<blockquote><font size=1>In reply to:</font><hr><p>The hard part is that more chronically homeless are going to San Francisco because of the success there, but that's not surprising... every town likes to send their homeless out west.<p><hr></blockquote><p>Well, it's a lot easier to be homeless in a warm climate than on lower Wacker Drive.<br><br>I live in a small city that's basically a microcosm of a large city. Racially mixed with all the problems that big cities face, including gangs, both black and hispanic, gunfire, knives and all the folly that keeps our hospital emergency room busy. One might say we have the same disadvantages of a large city without having the perceived advantages. However, we do not have urban and suburban schools. Everyone goes to the same schools, some of which even have day care centers for the students babies. Overall, the schools are good ones but there's an ongoing discussion of why some groups do better than others (primarily why so many blacks do so poorly). It's simple, these kids don't have parents and no amount of money spent at the school level will change this when they are more interested in their pimping, drug dealing and bling bling. And I don't have to go far to see this on the streets.<br><br>I went to school in this system long before it had daycare centers and long before the civil rights movement. Most of my black classmates did just fine in life, from professionals to autoworkers to artists. The difference is that they had parents who cared. What I see now indicates that Walter Williams is correct.<br><br>Oh, one other thing. Keep your dam Chicagoans out of my town. The cops have to spend to much time arresting them.<br><br>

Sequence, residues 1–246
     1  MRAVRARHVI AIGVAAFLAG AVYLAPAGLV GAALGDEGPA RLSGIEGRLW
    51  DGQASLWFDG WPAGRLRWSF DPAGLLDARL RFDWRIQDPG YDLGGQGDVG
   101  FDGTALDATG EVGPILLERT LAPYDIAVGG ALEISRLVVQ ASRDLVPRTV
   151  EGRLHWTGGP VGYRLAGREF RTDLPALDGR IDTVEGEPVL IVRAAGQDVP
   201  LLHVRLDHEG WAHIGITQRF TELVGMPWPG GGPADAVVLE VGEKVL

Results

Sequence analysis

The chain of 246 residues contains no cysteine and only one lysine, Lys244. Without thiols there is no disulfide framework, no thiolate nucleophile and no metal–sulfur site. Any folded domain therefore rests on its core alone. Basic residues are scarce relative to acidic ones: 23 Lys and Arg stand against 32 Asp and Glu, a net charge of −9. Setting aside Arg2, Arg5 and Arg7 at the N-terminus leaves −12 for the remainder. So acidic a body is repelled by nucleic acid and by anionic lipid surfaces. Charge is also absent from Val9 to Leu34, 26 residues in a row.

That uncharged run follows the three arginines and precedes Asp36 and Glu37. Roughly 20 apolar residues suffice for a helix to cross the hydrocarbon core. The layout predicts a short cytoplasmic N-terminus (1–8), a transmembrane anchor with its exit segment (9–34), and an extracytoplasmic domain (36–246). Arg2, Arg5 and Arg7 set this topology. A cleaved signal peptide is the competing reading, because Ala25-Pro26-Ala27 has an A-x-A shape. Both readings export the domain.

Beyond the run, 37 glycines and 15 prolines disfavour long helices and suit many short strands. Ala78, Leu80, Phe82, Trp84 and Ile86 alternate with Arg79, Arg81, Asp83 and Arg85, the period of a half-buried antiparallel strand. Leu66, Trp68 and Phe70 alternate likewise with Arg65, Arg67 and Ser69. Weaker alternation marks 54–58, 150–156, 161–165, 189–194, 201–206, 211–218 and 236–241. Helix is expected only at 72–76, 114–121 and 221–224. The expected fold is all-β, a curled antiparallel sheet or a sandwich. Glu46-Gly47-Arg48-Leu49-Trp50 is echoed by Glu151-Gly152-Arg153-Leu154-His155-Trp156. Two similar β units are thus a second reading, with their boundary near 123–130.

_________________________ Old farts, the hidden caulk of civilization. Jim Atkinson
See we can find agreement. Parents are much more important than teachers. Teachers are not underpaid. Teachers don't make much of a difference in the end. They might prod this student or that student, but the parents and peers make so much more of a difference as things now stand in the inner cities.<br><br>But, you guys are way overstating the drug dealer issue. The number of drug dealers in any particular high school is very low. It's even less in the middle and grade schools. Yet, these kids still have similar issues of failure. Perhaps it's time to change the curriculum for our diverse and varied populations. Maybe teachers could make a difference if they had better stuff to teach.<br><br>
<blockquote><font size=1>In reply to:</font><hr><p>Teachers are not underpaid.<p><hr></blockquote><p>And you came from what quadrant of what galaxy? Jebus, mon, for someone who brags about how often you read the NYTimes, you talk like only the Walgreens FSI sunk in!<br><br>Yup, those teachers are just a bunch of overpaid crybabies. Worse than pro athletes even! <br><br>